How Motherboards Work

By: Tracy V. Wilson & Chris Pollette  | 
computer motherboard
The motherboard allows all the components in your computer to "talk" to each other. Andrew Brookes/Getty Images

If you've ever taken a computer apart, you've seen the one piece of equipment that ties everything together — the motherboard. A motherboard is the central circuit board that has the components and connectors that allow all the parts of your computer to receive power and communicate with one another. It is sometimes referred to as the mainboard, main circuit board or base board. Motherboards typically boast a wide variety of built-in features, and they directly affect a computer's capabilities and potential for upgrades.

Motherboards are certainly not a new invention. They could be found in mainframe computers before the personal computer revolution. The first PC motherboards held very few actual components. The first IBM PC motherboard had only a processor and card slots. Users plugged components like floppy drive controllers and memory into the slots. Compaq was the first to use a motherboard not derived from an IBM design. This new design used a processor from Intel. Although some in the industry thought it was a gamble, when Compaq's sales took off, other companies followed suit.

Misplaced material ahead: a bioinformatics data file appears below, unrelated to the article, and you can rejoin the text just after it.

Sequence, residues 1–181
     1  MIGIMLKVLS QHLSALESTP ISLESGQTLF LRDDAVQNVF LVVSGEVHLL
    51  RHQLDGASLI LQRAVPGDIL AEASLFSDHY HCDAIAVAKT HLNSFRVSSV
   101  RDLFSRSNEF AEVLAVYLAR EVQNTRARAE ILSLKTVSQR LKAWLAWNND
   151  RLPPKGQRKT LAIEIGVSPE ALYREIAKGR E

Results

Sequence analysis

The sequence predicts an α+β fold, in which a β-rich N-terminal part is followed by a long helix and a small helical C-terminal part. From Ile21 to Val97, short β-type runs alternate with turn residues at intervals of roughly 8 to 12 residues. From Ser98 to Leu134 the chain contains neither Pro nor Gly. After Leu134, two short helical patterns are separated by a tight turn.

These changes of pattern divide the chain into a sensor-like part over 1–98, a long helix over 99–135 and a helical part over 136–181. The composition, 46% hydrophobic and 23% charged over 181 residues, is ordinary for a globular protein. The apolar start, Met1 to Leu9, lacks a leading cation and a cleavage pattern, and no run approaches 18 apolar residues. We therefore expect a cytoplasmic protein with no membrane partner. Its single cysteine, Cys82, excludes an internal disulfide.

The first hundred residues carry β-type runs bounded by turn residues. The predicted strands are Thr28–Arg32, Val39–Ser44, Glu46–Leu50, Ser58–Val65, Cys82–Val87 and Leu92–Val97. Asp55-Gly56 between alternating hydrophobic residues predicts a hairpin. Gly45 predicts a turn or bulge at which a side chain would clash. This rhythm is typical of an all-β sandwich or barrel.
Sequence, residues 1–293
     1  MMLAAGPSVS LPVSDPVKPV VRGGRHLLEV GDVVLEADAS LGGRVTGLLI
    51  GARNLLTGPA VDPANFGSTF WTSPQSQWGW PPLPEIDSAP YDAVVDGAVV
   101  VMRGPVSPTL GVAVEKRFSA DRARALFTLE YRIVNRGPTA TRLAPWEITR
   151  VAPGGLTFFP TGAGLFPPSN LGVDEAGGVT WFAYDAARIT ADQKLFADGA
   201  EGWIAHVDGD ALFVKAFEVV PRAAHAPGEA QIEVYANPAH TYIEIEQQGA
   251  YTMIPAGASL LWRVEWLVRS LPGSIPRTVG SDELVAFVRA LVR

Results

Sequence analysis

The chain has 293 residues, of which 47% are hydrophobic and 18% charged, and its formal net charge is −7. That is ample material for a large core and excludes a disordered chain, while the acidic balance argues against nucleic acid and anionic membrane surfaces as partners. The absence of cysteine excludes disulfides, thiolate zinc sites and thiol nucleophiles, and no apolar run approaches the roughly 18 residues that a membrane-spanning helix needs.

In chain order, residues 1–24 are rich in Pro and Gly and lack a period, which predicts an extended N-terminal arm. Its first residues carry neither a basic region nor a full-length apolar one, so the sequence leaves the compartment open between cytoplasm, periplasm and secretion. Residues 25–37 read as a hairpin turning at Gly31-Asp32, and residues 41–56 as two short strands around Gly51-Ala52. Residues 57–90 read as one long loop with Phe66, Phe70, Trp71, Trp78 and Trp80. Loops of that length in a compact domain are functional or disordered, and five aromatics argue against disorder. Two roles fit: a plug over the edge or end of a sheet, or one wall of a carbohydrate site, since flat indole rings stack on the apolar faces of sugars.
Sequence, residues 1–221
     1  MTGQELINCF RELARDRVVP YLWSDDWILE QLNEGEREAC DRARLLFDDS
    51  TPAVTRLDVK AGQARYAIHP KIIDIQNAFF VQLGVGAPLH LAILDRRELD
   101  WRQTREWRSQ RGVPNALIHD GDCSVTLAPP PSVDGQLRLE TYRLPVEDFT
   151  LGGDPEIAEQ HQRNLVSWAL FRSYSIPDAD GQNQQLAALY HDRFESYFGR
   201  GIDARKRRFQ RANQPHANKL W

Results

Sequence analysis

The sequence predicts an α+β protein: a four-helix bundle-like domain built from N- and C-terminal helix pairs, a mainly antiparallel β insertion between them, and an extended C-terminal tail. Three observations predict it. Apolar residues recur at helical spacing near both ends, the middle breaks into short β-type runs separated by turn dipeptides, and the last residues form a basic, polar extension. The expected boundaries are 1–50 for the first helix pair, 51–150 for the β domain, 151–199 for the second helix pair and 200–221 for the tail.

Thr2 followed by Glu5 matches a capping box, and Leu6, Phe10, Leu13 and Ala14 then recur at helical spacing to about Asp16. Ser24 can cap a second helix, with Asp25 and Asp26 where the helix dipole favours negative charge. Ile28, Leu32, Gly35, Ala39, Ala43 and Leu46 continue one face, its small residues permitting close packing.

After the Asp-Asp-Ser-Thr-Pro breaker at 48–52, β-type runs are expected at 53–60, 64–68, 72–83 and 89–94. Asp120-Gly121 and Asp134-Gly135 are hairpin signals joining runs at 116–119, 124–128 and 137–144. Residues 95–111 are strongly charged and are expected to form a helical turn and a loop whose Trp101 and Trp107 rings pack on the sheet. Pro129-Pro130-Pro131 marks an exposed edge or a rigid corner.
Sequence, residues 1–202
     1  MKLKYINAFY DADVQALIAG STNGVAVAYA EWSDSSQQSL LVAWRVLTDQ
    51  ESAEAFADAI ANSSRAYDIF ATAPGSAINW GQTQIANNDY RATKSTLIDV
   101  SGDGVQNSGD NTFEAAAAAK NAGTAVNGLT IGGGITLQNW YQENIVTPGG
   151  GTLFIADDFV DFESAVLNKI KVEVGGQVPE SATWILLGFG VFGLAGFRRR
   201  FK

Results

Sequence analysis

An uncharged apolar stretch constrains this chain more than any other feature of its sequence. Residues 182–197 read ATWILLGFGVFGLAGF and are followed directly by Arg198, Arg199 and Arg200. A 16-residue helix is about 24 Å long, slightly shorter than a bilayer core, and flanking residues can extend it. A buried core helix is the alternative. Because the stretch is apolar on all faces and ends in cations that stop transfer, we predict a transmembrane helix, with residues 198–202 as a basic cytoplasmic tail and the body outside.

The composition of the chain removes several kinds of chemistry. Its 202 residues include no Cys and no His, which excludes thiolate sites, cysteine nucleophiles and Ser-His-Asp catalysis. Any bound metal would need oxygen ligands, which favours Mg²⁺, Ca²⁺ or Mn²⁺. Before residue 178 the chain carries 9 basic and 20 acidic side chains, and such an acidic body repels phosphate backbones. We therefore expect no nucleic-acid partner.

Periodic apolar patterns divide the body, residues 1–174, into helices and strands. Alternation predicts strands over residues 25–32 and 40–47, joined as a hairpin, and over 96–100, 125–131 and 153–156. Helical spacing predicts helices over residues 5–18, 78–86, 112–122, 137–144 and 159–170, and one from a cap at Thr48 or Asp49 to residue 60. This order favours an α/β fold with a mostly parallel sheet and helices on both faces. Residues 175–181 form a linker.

By the 1990s, Intel controlled around 40 percent of the PC's motherboard market. Today, the biggest players are Asus, Gigabyte Technology and Micro-Star International (MSI). Asus, the largest motherboard manufacturer in the world, controls around 13 percent of the market. Intel is still in the top 10 of motherboard manufacturers.

In this article, we'll look at the general components of a motherboard. Then, we'll closely examine five points that dramatically affect what a computer can do.